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ST. PETERSBURG, Fla. — Once this season ends, the Red Sox need to make a quick decision on whether to keep or fire Bobby Valentine, and if the answer is that he’s gone, they need to make an equally quick decision on who replaces him.
The team can ill afford a second straight offseason of wading through a bunch of mediocre, uninspiring candidates and then not hiring someone until December. Nor can it afford to have a long, drawn-out negotiation with the Blue Jays over compensation to obtain John Farrell.
If the decision is to replace Valentine, the easiest choice is Tim Bogar, who was interviewed by the Astros at an undisclosed location Wednesday.
The Sox have taken great pains to keep Bogar in the organization. He was hired in November 2008 by Theo Epstein and Ben Cherington — not Terry Francona — to be part of Francona’s staff.
And despite Cherington’s assertion that Valentine approved all of his coaches, it was “suggested” that Valentine consider Bogar to be his bench coach. And when the boss “suggests” something, what do you do?
Bogar certainly understands the Sox personnel. The future manager will have to be able to get along with the players, who likely will regain their power. The manager also will have to conform to Cherington’s rules, which Bogar would do.
There’s also the outside-the-box theory that Jason Varitek could be considered.
Of course, it’s not a done deal that Valentine is gone. He is owed $2.5 million on his second year, and that’s not an easy sum to swallow. Not to mention the fairness factor. Who gets only one year to prove himself, with a team that has had the most injuries in baseball since 1987?
So who makes the call? If it’s Cherington, Valentine is gone. Their relationship reminds me of the Dan Duquette-Kevin Kennedy showdown, which I witnessed first-hand. This one is very similar: a GM and a manager on completely different planets.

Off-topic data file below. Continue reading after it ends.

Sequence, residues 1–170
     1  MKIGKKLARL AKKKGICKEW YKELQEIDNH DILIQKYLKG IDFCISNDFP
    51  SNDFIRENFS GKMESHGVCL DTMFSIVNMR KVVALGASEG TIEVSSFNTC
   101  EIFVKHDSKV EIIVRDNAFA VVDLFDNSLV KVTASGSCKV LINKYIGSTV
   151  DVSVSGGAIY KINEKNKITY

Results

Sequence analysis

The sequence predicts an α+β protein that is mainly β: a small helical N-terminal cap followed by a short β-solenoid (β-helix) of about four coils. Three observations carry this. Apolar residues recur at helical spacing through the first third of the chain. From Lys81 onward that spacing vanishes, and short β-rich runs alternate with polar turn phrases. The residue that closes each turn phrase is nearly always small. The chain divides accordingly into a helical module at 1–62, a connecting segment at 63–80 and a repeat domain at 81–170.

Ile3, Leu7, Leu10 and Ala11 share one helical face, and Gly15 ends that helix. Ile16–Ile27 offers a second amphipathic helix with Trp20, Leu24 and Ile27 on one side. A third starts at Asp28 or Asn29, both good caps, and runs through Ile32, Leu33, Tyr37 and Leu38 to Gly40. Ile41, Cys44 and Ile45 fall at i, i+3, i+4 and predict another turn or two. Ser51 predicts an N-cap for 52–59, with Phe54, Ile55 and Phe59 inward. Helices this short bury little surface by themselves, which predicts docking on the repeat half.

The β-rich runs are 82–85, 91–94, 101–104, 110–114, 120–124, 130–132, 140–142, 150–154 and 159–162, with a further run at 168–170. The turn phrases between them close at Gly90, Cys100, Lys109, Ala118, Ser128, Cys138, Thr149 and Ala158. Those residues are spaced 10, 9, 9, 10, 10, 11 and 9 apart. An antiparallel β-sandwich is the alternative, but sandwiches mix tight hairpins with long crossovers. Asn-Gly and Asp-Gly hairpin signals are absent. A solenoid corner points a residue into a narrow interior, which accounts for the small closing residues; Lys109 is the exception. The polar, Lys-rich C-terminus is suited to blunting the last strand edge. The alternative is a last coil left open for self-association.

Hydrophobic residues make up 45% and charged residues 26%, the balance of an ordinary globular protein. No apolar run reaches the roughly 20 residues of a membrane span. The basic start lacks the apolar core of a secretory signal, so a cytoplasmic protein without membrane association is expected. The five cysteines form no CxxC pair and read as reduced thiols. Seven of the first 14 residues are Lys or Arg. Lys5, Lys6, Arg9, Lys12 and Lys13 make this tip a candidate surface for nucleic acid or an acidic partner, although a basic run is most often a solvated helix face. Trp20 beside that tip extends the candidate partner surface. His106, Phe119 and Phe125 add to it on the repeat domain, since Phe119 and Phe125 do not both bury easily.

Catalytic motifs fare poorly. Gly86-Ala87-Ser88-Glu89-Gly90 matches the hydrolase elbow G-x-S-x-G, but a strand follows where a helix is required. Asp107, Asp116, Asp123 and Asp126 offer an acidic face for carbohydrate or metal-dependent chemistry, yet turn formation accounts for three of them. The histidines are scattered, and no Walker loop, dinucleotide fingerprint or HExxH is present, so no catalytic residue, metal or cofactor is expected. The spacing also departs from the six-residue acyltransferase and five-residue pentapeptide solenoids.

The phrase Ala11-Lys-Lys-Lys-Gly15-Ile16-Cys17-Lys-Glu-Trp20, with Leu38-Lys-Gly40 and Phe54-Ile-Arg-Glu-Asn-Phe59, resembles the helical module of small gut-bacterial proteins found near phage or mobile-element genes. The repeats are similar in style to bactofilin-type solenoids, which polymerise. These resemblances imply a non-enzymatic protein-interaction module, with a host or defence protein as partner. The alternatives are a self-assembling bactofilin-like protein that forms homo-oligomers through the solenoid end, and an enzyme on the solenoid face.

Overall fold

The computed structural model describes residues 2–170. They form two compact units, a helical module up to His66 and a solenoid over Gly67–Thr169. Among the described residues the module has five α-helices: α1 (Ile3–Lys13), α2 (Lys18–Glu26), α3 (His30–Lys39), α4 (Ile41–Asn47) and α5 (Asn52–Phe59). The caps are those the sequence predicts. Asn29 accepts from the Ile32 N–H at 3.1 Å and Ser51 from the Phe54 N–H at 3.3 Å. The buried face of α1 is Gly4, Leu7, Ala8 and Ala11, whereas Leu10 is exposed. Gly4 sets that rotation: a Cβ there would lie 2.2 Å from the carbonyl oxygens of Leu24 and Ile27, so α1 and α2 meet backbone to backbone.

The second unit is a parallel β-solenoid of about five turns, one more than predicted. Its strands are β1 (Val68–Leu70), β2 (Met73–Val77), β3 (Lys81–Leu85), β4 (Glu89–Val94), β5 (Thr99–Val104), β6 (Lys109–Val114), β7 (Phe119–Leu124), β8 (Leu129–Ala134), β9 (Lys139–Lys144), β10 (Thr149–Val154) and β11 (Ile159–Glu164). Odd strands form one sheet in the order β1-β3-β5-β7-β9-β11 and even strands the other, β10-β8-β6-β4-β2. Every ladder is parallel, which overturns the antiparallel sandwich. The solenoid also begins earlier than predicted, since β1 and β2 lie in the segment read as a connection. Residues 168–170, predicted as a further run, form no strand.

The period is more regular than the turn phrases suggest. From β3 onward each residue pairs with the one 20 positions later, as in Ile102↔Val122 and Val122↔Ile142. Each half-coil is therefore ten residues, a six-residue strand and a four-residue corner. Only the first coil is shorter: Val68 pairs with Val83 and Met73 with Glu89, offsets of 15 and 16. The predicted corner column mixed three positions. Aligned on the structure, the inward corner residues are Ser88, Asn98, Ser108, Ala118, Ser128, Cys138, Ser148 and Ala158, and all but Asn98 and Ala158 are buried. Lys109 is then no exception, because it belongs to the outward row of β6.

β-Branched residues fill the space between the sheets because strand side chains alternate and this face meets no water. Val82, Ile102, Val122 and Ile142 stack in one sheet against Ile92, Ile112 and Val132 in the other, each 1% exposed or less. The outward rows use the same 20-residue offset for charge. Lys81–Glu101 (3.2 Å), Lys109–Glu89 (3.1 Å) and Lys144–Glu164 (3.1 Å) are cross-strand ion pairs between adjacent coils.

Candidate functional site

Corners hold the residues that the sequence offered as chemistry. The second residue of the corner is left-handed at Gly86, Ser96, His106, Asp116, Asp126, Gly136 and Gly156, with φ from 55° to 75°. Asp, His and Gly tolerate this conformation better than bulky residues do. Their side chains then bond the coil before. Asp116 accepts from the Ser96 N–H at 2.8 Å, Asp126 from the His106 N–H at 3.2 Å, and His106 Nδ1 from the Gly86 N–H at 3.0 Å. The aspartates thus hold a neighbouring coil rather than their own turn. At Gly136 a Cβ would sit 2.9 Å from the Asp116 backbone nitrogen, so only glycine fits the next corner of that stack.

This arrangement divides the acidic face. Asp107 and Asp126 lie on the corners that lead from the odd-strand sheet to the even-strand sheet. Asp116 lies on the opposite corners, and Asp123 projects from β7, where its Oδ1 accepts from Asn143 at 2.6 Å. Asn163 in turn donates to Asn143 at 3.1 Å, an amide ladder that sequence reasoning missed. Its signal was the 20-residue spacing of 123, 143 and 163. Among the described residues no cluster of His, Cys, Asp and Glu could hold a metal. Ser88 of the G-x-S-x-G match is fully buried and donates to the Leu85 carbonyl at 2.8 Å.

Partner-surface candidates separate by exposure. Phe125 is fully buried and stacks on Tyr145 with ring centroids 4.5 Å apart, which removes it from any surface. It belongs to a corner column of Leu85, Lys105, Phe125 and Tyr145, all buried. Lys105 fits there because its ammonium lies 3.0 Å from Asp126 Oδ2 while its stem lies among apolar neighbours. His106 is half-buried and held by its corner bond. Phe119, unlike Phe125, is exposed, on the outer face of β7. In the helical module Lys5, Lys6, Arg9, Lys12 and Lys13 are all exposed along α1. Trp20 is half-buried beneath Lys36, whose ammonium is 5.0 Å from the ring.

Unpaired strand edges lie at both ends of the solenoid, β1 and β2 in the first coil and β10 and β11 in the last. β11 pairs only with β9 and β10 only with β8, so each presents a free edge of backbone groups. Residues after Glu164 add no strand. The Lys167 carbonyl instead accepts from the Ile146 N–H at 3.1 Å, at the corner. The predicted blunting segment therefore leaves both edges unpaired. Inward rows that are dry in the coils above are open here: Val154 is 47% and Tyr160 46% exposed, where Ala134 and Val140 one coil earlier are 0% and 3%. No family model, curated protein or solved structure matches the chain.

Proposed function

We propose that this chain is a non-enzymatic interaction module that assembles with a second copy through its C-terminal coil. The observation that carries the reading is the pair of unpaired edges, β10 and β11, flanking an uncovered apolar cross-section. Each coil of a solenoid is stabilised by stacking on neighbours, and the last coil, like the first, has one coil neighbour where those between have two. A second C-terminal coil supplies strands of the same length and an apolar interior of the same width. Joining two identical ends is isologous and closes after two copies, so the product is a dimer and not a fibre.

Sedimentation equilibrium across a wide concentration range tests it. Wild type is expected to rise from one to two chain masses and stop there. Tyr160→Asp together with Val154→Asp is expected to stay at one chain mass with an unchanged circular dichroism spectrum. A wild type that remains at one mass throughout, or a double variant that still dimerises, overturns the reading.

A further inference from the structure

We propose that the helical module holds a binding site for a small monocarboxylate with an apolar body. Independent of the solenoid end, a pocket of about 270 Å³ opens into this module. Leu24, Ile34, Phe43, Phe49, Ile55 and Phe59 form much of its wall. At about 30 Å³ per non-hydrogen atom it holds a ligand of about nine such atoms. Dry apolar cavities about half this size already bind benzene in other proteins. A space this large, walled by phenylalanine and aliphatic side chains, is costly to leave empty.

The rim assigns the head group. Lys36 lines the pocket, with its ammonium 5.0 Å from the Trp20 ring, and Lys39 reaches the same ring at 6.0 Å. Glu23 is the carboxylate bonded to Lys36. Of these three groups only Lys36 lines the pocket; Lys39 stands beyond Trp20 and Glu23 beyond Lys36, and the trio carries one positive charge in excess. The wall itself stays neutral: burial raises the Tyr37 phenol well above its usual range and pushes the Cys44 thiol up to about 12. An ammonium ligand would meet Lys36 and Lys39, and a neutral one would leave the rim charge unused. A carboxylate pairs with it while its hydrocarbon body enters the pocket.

Duquette-Kennedy got so bad that CEO John Harrington had to intervene and send the two to counseling in an effort to resolve their differences. The counseling didn’t seem to work, though, and Kennedy was gone after the 1996 season.
It will be an interesting offseason, and the manager’s status will be the first thing on tap.
Ownership has pretty much stated how it feels about the organization the past few months.
The Sox parted ways with Francona, a lot of medical and conditioning staff, and some players who were examples of poor judgment by the baseball operations department. While Epstein was blamed for those decisions, his accomplices — such as Cherington — who played major roles in them were kept in place and even promoted.
So if ownership feels that strongly about baseball ops, then it should let that department make the call on the manager. Shouldn’t it?
. . .
With 42 scouts at Tropicana Field for the Sox-Rays series, the things you hear about most are 1. Boston’s deep relief corps, and 2. the speed factor of Pedro Ciriaco, Jose Iglesias, and Jacoby Ellsbury that has scouts covetous.